Increased competition between the not-for-profit and for-profit agencies in the home care market was achieved through the introduction of the managed competition model and the creation of an internal market (Fuller 2001). The advantage of splitting the purchaser from the provider of service, as in this case, was based on the notion of efficiency gains associated with specialization (Enthoven 1993). Purchasers of service could concentrate on acquiring the best-quality care at the best price, while service providers could focus on providing low-cost, high-quality services (Williams et al. 1999). If these standards slipped, providers risked losing contracts, a consequence that would serve as an accountability mechanism.
Home care is delivered to people with an array of characteristics and needs, ranging from assistance with activities of daily living (e.g., toileting, bathing, dressing, transferring, continence, feeding) to complex nursing care (Williams et al. 1999). These programs also offer help and support to informal caregivers. In Ontario, home care programs offer a range of services, including community support, professional services, homemaking and personal support services (CHCA 1998). There is no charge for such services up to a specified maximum. Beyond this, individuals who wish to have more service must purchase it privately (Dumont-Lemasson et al. 1999).
This study augmented data collected under the auspices of the Community Nursing Services Study (CNSS). The CNSS, established in 2000 by the Faculty of Nursing at the University of Toronto, examined Ontario's competitive home care model and analyzed its influence on nursing services. Questionnaires distributed to the executive directors and RFP coordinators at CCACs gathered information on the home care contracts held by provider agencies in 1995/1996 and 2000/2001. Contracts held in 1995/1996 represent the home care market prior to the implementation of the competitive model, while the contracts held in 2000/2001 correspond to the post-implementation period. Forty-two of the 43 CCACs participated (97.7% response rate). There were 162 home care contracts in 1995/1996 and 173 contracts in 2000/2001. Information was gathered on the profit status of each home care service provider, the nursing wage rate and the volume of service delivered under each contract.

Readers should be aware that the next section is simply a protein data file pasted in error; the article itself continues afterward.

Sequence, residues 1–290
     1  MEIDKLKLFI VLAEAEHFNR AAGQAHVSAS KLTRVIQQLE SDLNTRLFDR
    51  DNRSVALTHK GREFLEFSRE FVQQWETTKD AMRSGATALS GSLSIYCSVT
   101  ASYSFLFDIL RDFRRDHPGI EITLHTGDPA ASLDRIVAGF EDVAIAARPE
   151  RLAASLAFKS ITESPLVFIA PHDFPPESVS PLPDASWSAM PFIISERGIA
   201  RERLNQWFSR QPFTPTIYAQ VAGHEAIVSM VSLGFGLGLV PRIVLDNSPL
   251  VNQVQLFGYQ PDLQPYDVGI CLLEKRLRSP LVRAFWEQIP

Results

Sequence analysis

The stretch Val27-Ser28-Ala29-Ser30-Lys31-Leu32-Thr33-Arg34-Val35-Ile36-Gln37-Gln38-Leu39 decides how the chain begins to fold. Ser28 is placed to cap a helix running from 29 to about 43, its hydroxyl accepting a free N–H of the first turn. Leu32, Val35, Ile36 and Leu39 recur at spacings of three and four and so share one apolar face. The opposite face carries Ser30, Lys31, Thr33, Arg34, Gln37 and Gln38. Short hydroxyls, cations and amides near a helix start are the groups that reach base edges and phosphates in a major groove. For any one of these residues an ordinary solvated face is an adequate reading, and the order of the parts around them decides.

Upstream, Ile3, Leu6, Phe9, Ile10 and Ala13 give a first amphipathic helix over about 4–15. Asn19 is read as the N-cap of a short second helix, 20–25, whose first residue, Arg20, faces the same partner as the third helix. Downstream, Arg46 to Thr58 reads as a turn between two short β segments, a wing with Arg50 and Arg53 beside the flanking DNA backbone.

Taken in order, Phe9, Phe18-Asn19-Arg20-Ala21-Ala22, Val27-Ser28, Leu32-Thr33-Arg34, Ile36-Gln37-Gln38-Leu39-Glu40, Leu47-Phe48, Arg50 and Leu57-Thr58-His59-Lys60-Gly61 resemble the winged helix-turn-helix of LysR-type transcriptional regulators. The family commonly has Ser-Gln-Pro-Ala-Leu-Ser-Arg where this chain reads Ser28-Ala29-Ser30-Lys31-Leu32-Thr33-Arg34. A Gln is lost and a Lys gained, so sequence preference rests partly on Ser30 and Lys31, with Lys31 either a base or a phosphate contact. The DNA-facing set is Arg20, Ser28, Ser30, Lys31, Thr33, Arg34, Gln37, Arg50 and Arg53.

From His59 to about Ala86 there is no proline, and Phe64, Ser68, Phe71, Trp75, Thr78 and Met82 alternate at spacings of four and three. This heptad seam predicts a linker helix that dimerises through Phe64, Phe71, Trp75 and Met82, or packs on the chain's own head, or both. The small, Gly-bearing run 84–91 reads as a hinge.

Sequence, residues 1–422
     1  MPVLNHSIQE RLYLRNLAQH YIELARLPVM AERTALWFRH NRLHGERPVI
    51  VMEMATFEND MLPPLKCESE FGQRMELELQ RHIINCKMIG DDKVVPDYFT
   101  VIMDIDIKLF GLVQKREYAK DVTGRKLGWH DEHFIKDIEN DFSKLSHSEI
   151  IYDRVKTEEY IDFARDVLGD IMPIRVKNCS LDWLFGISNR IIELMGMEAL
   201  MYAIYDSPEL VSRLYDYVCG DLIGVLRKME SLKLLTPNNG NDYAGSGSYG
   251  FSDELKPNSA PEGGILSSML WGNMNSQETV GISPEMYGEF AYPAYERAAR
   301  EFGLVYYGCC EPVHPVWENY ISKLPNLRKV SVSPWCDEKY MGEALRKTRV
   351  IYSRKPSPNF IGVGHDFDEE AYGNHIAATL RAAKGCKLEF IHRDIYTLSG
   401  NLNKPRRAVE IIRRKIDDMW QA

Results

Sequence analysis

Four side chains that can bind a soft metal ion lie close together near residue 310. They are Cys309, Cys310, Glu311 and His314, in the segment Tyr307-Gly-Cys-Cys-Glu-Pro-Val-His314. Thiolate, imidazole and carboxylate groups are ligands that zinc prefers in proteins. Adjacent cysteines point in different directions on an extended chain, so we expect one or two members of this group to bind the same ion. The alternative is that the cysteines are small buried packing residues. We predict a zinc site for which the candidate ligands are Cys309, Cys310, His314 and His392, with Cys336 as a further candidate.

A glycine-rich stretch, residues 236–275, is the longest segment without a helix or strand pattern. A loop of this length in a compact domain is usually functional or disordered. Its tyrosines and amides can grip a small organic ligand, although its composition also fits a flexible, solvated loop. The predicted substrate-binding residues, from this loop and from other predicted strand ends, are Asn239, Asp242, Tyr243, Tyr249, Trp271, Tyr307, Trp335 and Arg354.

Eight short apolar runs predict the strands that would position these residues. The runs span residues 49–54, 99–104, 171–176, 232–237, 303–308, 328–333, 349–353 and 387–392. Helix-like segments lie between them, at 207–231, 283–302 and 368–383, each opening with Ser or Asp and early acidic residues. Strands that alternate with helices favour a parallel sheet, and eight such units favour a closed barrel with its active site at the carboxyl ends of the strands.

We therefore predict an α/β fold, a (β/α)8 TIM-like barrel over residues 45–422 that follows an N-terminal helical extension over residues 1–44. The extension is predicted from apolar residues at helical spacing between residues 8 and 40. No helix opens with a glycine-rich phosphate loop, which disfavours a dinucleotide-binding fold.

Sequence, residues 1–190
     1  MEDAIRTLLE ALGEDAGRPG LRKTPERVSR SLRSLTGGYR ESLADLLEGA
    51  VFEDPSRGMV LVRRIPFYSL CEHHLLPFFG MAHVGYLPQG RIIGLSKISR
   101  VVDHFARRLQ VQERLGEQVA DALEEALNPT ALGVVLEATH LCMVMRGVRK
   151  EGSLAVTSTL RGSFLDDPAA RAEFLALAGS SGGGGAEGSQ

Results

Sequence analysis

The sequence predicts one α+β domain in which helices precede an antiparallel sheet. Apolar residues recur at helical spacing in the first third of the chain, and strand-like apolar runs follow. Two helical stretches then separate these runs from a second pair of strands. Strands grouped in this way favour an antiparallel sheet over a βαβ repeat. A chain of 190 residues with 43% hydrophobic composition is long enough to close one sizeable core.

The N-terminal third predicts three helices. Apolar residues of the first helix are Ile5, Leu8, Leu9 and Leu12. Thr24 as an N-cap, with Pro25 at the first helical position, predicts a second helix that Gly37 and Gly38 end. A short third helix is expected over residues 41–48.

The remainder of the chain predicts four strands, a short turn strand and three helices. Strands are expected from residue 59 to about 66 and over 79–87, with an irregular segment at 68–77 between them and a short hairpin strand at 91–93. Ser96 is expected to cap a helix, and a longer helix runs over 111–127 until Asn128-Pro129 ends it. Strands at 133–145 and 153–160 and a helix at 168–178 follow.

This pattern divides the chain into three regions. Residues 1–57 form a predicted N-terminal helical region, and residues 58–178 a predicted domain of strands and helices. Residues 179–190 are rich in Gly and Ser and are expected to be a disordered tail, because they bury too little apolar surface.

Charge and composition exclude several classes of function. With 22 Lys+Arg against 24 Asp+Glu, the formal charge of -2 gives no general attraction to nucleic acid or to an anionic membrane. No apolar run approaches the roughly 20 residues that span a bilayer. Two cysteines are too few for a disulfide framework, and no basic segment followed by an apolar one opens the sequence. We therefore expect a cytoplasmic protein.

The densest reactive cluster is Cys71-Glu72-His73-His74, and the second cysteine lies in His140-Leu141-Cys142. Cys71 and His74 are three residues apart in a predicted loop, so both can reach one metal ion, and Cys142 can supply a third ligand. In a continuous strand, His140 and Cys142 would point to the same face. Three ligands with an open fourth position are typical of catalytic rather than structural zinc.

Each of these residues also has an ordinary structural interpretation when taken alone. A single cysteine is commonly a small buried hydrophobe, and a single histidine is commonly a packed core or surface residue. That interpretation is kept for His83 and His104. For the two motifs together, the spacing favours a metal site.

The analyses were separated into two parts, one for RNs and one for LPNs. Multivariate ordinary least squares regression analysis was used to determine how a range of explanatory variables, including competition, affected community-based nursing wages.
The natural logarithms of the nursing wage for both RNs and LPNs were the two dependent variables used in this study. The wage that each RN or LPN was paid, associated with every nursing contract awarded by the CCACs, was determined from the study questionnaire. While both home care RNs and LPNs provide nursing services that help care recipients remain in their home during illness, there are inherent differences between the two types of nursing practices, and they are therefore analyzed separately. For instance, RNs generally have more post-secondary education and tend to earn more than their LPN counterparts. All wages were adjusted to 1995 dollars.
Measure of competition